I haven’t yet read any more novels by this author – she has written a very large number of them (a list is at Wikipedia), but it seems that only seven (including the two mentioned here) have been translated into English. One of the best known of these is Crossfire, about a young woman with psychokinetic powers which has both been made into a film and a mobile-phone manga animation (anime) – I’m not sure if I’ll read it. As well as writing crime novels, Miyabe writes science fiction, historical fiction and books for young adults and children. There is more about the English-language translations of her books at the Simon&Schuster website.

Now I have to think of another woman author who writes similar books! Well, that’s a tall order but I’m going to go a bit left-field and suggest that Dominique Manotti is relatively similar, in her hard-hitting novels that seem to be set in a parallel France where the rules are different to those most people live by or say they live by (Rough Trade and Affairs of State). There are many obvious differences between the two authors, of course, but I think they are both in the same place when it comes to exposing a structured society’s hypocrisies by sometimes rather extreme allegories and actions.

The Sisters in Crime book bloggers’ challenge (SinC25) (At the blog of Barbara Fister, the originator).
All Barbara’s posts and round-ups of contributions to the SinC25 challenge.
All my contributions to this challenge.

SinC25: Katherine Howell, #4 post of “moderate” challenge

Having completed the Sisters in Crime book bloggers’ easy challenge, I am now embarking on the next step, the:

Moderate challenge: write five blog posts about works of crime fiction by women authors. For each, mention another woman author who writes in a similar vein.

Katherine Howell is my fourth choice because she’s (so far) published four books in her excellent series about Sydney police and paramedics. I’ve only read two of these books, but assume the interesting “formula” in those applies to all four. In one sense, the books are police procedurals, as Detective Ella Marconi and her colleagues investigate the crime that forms the basic plot of the book. In another sense, the books are “slice of life” dramas about the city’s paramedics, given great authenticity by the fact that the author was a paramedic before she became a full-time writer. The paramedics are different in each of the two books I’ve read, though there are cross-references. Ella binds the novels together.

What is so enjoyable about Katherine Howell’s books is not just the realism of the paramedics’ jobs as they are called out to many kinds of bizarre, dangerous, sad, repetitive or funny incidents that test the full range of their ingenuity and survival skills, but also the sheer pace and muscle of the stories, which are more common (in my experience) in crime novels by male authors. The author combines well her tough plots, often about personal dilemmas and ethics as well as straight murder mysteries, with the life-situation of Ella, her colleagues and the politics she faces at work. In common with some other cops in crime fiction, Ella has to cope with an intrusive mother who is always trying to get her to settle down, get married and have children rather than single-mindedly pursue a career, which is more to Ella’s own taste.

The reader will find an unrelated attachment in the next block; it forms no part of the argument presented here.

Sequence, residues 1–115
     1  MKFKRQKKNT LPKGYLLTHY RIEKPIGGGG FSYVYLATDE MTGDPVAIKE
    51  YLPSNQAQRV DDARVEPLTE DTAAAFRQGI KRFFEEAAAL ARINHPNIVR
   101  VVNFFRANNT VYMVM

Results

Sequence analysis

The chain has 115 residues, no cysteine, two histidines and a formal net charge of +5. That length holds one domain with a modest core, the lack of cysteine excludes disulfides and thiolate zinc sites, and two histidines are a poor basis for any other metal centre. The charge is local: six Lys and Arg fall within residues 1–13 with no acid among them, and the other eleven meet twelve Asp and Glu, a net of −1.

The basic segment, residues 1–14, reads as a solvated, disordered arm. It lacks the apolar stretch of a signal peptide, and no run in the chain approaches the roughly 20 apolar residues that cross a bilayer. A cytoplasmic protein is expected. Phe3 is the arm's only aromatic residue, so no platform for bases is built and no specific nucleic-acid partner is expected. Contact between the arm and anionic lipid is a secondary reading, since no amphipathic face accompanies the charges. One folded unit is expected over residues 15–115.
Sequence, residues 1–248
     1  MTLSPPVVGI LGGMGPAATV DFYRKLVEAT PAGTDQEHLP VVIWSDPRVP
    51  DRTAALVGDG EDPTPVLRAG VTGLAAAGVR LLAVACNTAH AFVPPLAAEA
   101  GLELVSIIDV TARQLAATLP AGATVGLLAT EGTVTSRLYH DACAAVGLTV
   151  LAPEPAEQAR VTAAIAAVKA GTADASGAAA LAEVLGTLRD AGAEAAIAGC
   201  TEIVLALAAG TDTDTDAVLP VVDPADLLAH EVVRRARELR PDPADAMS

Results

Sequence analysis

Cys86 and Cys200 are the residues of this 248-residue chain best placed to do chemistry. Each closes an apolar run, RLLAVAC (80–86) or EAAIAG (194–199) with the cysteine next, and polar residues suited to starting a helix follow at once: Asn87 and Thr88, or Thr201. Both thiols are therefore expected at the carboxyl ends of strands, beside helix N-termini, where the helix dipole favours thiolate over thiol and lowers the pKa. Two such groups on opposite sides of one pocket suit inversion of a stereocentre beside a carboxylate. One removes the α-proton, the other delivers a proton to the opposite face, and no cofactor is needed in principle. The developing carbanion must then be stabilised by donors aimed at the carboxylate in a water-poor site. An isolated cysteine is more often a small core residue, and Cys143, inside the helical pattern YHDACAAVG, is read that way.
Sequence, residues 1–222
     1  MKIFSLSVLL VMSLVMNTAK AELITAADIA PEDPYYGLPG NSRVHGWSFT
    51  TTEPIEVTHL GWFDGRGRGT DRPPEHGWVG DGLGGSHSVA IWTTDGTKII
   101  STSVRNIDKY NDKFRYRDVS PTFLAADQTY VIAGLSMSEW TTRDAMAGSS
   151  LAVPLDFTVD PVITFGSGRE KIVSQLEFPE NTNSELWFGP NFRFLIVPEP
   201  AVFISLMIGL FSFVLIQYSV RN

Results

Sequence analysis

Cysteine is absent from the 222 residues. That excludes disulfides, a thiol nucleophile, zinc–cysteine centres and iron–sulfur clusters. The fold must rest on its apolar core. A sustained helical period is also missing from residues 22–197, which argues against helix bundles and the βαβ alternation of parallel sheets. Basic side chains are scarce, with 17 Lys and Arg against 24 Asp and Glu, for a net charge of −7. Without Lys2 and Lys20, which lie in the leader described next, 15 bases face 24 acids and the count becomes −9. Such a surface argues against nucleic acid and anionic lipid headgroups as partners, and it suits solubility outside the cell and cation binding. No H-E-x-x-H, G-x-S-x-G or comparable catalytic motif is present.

The first novel in the series is Frantic, which I have not read but which (appropriately) won the 2008 Sisters in Crime Davitt award and was longlisted for the Ned Kelly award. The book introduces Ella, who has to deal with a case in which a police colleague is shot, his daughter abducted, and whose wife (a paramedic) decides to investigate the case herself as she realises her husband is being accused of having been corrupt.

I’ve read the second and third novels, The Darkest Hour and Cold Justice (links go to my reviews), both of which cover similar ground as Ella investigates crimes in which paramedics are involved. Violent Exposure, the fourth book, is not yet out in the UK but was published this year in Australia. You can read a review of it at Fair Dinkum Crime, as well as other articles and reviews of the author’s books.

A fifth book, Silent Fear, will be published in Australia in early 2012.

Another woman author who writes in the same vein? This is quite a hard one, as many “medical” thriller authors, such as Karin Slaughter, Kathy Reichs, Patricia Cornwell, Tess Gerritsen and so on, tend to focus more on medical procedures than does Katherine Howell, whose books are more similar to classic police/PI novels that happen to have a medical setting. Similarly, I’d say that psychological crime authors with women protagonists, such as Nicci French (only half a woman, admittedly!) are not like Katherine Howell who is more interested in social and ethical dilemmas than excessive introspection.